Legal Issues

by Mike Masnick




Phone Call Arbitrage Is All Fun And Games (And Profit) Until AT&T Hits You With A $2 Million Lawsuit

from the so-much-for-that-plan dept

Late last year, the NY Times' David Pogue wrote a blog post describing a service called FuturePhone, which offered free international calls. You just had to call a domestic line (with an Iowa area code) and then could dial out to a long list of countries. This kicked off a lot of speculation about whether or not it was a scam or if you'd have to listen to ads or what. Tom Evslin and Alec Saunders filled in the details. Basically, as part of the efforts by government to help pay for telecom services in rural areas regulations were put in place so that long distance phone calls that are made to numbers controlled by certain rural carriers can charge a very high "termination fee," that the other telcos (such as AT&T) would have to pay. You usually don't see the cost of the termination fees, because they're included in the cost of your phone calls.

It turns out that some of the regulations allow for excessively high termination fees for rural carriers in Iowa. So, all FuturePhone needed to do was either own or partner with one of these carriers to get all or a piece of the termination fee money -- and then route the calls over much cheaper VoIP lines to international destinations. That way, the users get a "free" (or just long distance) call, FuturePhone provides a service lots of people use at a relatively low cost... and AT&T foots the bill by paying the huge termination fees which were supposed to help develop more telco services in Iowa. For every phone call that went over FuturePhone's lines, they made much more money in termination fees than they spent in the costs to send the call overseas. Except, of course, AT&T didn't like that so much -- and is crying foul. Apparently, the bill they needed to pay the telco that FuturePhone was using jumped from about $2,000 a month to about $2 million a month -- and they're suing, claiming that it's fraud, noting that since the calls didn't really terminate in Iowa, they shouldn't be billed for the fees. FuturePhone has already discontinued the service and, if it received any money at all, is probably spending it on lawyers.

No matter what happens, this demonstrates the continued problems with these attempts to build up the Universal Service Fee, or other taxes designed to provide more telco services to rural places. They're almost always misused in a way that ends up in some telco's pocket -- rather than actually being invested in telco service improvements. Of course, AT&T has been the beneficiary of many of these regulations in the past -- but it brings out the legal guns when such a plan takes money out of its pocket instead of putting it in.

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  1. identicon
    James Wanless, 8 Feb 2007 @ 9:21am

    Will Free Calls be strong-armed out of business?

    With the closure of FuturePhone it seems like the end is near for the so called FREE calling companies.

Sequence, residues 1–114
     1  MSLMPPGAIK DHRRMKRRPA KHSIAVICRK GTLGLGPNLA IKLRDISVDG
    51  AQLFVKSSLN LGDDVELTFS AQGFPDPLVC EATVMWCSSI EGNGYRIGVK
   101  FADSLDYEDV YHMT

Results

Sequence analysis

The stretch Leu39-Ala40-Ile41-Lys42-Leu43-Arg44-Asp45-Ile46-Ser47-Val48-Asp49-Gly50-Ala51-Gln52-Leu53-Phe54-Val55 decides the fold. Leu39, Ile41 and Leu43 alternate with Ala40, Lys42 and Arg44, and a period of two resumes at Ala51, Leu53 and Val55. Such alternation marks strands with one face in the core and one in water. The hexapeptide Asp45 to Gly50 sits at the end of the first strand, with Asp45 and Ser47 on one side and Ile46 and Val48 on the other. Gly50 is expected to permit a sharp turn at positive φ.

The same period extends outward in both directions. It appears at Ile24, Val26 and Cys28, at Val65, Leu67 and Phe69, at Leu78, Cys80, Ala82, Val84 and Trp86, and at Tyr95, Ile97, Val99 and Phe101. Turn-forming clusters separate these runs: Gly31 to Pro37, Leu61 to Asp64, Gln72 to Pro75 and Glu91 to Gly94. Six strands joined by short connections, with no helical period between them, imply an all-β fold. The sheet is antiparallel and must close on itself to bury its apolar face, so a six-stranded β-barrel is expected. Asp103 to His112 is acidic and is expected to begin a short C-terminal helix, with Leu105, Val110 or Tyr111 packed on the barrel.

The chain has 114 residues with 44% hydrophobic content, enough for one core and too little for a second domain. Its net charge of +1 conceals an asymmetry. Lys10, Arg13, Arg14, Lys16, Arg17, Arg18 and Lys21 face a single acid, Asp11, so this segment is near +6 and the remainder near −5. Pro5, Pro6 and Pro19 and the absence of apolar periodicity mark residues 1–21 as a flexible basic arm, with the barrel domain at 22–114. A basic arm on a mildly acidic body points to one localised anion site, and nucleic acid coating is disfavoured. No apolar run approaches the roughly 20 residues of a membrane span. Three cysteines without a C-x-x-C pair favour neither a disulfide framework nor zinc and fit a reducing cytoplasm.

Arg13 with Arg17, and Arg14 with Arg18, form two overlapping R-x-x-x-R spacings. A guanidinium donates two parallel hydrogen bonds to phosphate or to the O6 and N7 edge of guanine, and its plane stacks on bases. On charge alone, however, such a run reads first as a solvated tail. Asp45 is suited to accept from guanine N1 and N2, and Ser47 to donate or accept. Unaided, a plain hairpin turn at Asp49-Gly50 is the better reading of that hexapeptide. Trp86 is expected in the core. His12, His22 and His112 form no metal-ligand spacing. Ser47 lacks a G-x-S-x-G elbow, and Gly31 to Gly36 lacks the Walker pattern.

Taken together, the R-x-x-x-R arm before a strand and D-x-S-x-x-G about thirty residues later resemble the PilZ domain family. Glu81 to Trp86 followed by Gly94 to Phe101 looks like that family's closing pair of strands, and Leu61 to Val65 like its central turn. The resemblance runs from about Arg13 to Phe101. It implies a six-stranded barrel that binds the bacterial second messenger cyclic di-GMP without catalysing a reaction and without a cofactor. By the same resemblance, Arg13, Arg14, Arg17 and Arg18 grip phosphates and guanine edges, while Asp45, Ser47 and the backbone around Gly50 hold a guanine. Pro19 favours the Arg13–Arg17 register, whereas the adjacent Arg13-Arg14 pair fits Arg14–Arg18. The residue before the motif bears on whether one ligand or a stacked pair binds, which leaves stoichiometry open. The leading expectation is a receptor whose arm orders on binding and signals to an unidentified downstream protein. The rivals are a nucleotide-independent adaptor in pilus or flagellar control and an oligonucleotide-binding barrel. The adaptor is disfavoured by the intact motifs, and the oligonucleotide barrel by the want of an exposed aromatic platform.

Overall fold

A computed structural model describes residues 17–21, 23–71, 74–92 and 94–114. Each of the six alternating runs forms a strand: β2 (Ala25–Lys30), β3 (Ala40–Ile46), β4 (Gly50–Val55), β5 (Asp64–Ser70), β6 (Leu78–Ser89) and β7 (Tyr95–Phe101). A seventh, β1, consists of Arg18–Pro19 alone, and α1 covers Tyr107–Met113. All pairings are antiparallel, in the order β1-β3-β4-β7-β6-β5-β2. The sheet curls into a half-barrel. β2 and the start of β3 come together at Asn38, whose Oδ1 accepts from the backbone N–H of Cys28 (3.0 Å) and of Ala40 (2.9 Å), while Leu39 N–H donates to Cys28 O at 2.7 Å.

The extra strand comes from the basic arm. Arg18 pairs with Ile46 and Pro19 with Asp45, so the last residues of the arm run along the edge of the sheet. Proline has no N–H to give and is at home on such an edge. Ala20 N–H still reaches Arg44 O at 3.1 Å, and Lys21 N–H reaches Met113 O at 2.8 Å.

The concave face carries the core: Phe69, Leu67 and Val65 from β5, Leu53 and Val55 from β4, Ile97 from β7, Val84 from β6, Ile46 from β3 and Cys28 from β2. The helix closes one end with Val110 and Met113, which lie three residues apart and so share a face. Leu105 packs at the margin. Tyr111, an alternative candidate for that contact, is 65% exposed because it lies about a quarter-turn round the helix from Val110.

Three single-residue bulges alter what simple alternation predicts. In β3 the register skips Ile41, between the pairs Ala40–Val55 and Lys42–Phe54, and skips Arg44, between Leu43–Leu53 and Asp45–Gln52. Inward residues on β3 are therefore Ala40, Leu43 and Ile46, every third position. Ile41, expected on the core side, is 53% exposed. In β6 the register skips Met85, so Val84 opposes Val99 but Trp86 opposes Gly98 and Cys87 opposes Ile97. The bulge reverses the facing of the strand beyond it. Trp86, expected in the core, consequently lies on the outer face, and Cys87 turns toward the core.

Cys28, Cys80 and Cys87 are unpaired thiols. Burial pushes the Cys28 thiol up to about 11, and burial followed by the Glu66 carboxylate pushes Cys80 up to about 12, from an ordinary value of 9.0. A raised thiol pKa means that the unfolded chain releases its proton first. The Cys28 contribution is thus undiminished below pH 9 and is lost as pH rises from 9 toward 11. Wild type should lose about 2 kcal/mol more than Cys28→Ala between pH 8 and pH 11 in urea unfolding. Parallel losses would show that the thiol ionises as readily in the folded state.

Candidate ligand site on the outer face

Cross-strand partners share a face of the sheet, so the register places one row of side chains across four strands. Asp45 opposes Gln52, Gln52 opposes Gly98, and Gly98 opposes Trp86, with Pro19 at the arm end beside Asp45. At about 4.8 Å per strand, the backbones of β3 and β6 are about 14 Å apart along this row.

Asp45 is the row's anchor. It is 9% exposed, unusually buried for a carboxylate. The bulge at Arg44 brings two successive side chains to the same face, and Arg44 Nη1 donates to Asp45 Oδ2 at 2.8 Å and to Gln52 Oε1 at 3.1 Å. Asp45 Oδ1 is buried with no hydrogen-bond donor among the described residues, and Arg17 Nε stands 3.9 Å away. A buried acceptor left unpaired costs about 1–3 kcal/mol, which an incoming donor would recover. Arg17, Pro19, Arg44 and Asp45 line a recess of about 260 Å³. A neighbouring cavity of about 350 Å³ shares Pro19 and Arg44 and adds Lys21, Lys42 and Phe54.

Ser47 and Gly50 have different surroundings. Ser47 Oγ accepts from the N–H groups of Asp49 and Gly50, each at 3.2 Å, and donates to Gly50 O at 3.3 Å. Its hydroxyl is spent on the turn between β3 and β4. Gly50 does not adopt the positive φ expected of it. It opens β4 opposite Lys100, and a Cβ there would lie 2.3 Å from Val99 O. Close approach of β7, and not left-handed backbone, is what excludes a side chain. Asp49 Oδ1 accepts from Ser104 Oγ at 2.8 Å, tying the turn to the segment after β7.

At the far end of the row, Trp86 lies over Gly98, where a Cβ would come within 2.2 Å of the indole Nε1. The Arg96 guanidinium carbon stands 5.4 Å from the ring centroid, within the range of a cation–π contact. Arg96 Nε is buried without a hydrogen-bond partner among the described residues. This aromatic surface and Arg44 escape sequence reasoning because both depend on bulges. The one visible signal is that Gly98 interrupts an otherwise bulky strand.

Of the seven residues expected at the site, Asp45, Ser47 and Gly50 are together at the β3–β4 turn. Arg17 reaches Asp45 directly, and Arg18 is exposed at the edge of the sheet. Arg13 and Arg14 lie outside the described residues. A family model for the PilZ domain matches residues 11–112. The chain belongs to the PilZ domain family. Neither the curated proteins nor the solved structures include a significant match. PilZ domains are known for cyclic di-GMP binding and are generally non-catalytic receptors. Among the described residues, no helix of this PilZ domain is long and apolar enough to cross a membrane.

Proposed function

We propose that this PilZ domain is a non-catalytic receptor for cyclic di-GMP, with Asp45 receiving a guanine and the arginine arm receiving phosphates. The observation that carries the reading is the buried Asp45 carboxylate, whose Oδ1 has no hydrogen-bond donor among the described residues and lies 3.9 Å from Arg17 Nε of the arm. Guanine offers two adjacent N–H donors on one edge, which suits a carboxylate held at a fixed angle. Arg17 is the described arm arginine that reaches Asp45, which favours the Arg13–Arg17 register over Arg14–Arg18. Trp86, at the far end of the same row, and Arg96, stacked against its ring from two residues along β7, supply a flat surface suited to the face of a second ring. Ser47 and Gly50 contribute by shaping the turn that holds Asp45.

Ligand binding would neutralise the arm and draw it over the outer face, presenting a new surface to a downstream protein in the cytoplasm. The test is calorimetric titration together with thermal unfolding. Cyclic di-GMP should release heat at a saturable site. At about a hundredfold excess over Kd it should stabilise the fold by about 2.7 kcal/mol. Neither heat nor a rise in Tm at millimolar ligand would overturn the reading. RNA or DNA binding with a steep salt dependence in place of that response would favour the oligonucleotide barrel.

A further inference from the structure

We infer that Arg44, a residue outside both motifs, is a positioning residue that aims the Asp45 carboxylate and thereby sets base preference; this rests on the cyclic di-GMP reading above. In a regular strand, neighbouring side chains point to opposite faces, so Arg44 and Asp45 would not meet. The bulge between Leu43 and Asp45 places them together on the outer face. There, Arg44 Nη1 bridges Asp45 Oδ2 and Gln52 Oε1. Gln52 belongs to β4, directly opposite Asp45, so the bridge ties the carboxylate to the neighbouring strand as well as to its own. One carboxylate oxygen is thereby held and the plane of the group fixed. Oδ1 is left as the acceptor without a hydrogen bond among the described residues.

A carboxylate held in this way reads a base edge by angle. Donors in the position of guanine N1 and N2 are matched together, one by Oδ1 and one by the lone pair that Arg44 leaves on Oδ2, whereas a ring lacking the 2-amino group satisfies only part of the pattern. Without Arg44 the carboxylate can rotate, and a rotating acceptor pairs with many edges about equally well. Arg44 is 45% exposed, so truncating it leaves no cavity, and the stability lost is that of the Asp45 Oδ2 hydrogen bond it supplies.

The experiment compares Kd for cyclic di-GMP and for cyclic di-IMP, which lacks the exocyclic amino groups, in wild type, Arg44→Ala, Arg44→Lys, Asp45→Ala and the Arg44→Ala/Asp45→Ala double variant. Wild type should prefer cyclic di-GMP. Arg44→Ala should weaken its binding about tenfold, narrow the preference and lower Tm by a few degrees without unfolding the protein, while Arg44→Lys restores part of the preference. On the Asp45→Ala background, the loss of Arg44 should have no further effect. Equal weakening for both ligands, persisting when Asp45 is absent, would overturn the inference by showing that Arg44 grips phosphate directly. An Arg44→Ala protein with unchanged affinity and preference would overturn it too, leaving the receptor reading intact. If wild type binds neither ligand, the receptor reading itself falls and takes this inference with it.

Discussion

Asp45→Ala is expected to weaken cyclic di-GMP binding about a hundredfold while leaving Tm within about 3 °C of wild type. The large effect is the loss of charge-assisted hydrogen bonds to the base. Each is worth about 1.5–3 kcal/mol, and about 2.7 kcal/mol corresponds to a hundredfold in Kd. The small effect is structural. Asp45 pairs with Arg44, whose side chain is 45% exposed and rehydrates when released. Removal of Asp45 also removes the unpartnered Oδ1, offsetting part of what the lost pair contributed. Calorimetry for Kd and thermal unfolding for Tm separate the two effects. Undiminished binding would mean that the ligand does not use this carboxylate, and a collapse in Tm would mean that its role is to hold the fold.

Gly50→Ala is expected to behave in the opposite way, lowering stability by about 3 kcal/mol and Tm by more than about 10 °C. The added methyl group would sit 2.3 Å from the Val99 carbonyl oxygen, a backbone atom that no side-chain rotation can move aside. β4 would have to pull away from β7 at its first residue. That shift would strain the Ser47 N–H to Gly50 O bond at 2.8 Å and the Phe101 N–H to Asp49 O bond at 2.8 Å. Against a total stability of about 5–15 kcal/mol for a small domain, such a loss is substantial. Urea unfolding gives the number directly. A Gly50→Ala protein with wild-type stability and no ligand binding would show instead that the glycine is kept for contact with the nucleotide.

Inevitably, AT&T's challenge will take time, but likely will stop these FREE calling companies as the payments are withheld until everyone has their day in court. That's not to mention the (prohibitive) legal cost of defending against such lawsuites which the LECs and the free calling providers are not prepared to do.

    This however is not a new situation. Back in the early 1990s AT&T were themselves enabling a similar type of business model. It was called International Settlement and was a means for AT&T to balance out the payments they paid to telcos (often monopolies) in countries like Italy against fees which Italy paid to them. There was a huge imbalance which meant that AT&T paid out much larger amounts to these foreign telcos on a monthly basis and these same foreign telcos had no incentive to renegotiate the rates which AT&T were pushing down at home.

    What AT&T quietly did was to let some service providers have numbers in the US which they would on which they would share revenue. Starting to sound familiar? You would pay the equivalent of $1 in Italy to call the US number to listen to your horoscope, football scores, chat etc. etc. AT&T would get their portion of the revenue and share it with the service provider. Now the traffic from Italy started to flow back to the US in much larger numbers and it meant that AT&T was paying out less to the foreign telcos. Italy was just one example.

    This practice happened in scores of countries. In some cases, the foreign telco would actually have to pay money to AT&T instead, in effect forcing them back to the negotiating table to talk about reducing rates. Once that happened, the rates were reduced to a point that the shared revenue model would no longer be attractive to the service providers and this flow of "other traffic" for entertainment would disappear.

    It was a VERY smart move by AT&T and ultimately a great business. It drove down international calling costs, provided incentive to bring everyone to the table for bi-lateral rate negotiations and ultimately benefited AT&Ts subscribers. I wonder if the LECs in Iowa and Nevada have a similar plan to use this as a bargaining chip for something else they want? It will be interesting to watch it play out.

    As I have said before, someone has to pay for phone calls. Itís not free to provide the service and it seems in this case AT&T was the one to pay.

    (My blog post on this topic: http://talkster.wordpress.com/2007/02/07/will-free-calls-be-strong-armed-out-of-business/ )

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